Australia urged to evacuate women, children
LABOR is urging the Morrison Government to speed up the evacuation of more than 60 Australians detained in a Syrian camp.
There are fears the women and children will soon be exposed to much greater risk, as a US withdrawal paves the way for a Turkish invasion of northern Syria.
Opposition frontbencher Kristina Keneally has met people who have family members in the al-Hawl camp.
"Some of these people are genuine victims," Ms Keneally told ABC radio this morning.
"What I would encourage is that the Government continues to work with the families and with our national security agencies to consider if anything can be done to extract these children to safety."
Ms Keneally believes the looming US withdrawal makes the task far more urgent.
"The opportunity, the window if you will, to safely extract the children and indeed those people who are adults is coming to a close," she said.
"The decision by the Americans to withdraw could certainly be hastening that time frame."
Foreign Minister Marise Payne has expressed concern for the Australian women and children but warns the Government will not rush to evacuate them.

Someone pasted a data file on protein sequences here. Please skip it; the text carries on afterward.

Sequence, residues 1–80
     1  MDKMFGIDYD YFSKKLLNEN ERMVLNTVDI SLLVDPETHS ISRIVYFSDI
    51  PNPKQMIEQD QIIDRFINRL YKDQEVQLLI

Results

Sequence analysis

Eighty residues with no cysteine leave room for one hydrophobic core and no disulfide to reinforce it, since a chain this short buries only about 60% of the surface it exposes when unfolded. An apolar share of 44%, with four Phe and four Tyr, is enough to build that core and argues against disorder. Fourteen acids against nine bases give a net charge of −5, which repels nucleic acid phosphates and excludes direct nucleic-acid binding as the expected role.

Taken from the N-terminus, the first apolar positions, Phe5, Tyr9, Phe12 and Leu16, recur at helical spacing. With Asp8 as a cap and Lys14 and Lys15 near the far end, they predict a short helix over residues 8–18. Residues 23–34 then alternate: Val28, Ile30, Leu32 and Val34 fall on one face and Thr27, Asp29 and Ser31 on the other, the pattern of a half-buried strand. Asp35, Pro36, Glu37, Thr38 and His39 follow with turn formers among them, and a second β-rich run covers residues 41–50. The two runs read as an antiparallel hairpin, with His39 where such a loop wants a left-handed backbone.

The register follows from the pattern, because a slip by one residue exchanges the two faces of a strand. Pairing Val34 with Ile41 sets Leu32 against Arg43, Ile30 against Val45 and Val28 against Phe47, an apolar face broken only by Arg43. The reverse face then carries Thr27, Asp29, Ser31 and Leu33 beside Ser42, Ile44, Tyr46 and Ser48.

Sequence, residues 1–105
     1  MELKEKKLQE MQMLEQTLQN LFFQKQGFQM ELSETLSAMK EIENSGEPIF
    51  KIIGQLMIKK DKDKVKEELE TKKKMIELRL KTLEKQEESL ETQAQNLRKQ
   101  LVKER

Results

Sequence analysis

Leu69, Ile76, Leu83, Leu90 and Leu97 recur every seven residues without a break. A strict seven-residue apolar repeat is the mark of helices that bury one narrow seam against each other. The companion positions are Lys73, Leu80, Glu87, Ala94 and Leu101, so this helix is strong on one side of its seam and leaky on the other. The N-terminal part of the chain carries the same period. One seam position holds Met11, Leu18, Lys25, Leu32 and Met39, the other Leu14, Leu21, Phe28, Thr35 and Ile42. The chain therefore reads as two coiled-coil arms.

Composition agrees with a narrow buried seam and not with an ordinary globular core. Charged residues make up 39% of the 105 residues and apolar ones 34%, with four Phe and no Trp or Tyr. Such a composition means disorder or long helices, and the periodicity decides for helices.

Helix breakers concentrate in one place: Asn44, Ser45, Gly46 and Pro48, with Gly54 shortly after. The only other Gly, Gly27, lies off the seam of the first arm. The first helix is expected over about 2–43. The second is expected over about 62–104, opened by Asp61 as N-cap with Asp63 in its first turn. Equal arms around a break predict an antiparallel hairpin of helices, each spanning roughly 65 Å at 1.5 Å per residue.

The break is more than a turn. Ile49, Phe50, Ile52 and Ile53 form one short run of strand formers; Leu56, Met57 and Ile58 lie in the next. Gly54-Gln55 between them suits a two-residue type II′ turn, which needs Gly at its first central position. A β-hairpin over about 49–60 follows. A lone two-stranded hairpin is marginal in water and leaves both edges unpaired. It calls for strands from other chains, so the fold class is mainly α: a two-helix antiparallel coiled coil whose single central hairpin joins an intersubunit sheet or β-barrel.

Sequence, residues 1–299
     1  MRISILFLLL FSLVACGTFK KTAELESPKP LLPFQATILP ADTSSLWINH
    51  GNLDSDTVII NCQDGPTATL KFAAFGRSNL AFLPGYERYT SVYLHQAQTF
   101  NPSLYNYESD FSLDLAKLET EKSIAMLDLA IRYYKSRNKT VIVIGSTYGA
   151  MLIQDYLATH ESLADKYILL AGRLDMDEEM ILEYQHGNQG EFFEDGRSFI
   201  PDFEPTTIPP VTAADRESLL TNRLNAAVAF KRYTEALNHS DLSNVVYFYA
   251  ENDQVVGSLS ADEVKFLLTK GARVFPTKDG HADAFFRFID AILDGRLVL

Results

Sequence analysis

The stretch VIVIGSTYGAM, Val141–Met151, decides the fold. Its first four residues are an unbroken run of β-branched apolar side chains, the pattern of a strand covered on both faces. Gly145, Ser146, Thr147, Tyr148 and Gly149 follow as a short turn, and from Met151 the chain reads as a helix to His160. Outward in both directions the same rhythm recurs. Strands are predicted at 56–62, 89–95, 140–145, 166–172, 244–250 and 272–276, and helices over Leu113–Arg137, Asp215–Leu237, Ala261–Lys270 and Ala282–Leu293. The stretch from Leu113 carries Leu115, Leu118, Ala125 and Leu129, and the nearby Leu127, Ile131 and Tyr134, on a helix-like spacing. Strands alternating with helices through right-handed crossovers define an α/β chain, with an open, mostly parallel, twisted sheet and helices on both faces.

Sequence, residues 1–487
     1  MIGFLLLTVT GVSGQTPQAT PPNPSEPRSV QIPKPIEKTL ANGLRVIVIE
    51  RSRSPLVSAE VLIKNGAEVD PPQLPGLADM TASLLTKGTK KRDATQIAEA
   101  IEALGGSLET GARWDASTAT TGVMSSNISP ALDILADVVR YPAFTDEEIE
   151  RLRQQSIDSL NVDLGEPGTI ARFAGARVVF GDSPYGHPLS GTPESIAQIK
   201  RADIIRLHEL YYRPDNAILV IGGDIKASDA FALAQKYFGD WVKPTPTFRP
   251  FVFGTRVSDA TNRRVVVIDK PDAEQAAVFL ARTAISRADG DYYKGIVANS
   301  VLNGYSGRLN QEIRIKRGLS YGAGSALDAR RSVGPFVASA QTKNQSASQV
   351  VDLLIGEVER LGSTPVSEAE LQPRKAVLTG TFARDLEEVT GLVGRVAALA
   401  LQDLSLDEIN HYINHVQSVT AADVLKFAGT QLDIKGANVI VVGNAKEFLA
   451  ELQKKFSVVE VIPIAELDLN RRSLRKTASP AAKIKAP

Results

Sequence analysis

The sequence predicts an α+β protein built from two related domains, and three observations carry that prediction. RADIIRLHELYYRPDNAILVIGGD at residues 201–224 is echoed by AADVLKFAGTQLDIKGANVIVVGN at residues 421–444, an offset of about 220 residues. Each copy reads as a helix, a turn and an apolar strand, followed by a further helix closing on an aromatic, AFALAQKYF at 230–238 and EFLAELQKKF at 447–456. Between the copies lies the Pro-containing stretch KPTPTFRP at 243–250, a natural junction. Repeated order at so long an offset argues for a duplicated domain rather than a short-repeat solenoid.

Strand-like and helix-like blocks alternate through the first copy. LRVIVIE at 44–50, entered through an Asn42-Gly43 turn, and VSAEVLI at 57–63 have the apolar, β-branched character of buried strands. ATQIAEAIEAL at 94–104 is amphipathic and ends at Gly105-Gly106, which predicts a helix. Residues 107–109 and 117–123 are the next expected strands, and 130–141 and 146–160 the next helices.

"We will not put Australian officials, forces or our public in danger, so any repatriation will occur only if safe to do so," Ms Payne said.
Meanwhile, a notorious Jihadi bride has been stripped of her Australian citizenship.
Zehra Duman, who fled Australia at the age of 19 to marry an Islamic State fighter, has been notified the Government has cancelled her citizenship.
She was a dual Turkish and Australian citizen.
There are concerns the decision could leave her children, aged one and three, stateless.
In February, Duman's mother Ossie spoke to Dateline and begged the Government to bring her daughter home.
"I have spent every second of every day since Zehra left in fear for her life and the lives of my grandkids. It's a nightmare. I know my daughter's heart, and I know this isn't who she truly is," she said.
"I am not proud of what my daughter has done and I don't defend her actions, but I want her brought home."
The Government declined to comment on the case. However, a spokeswoman said that in general terms, cancelling a parent's citizenship did not sever their child's ties to Australia.
"Nor is there any power for the minister to revoke the child's Australian citizenship in these circumstances," the spokeswoman said.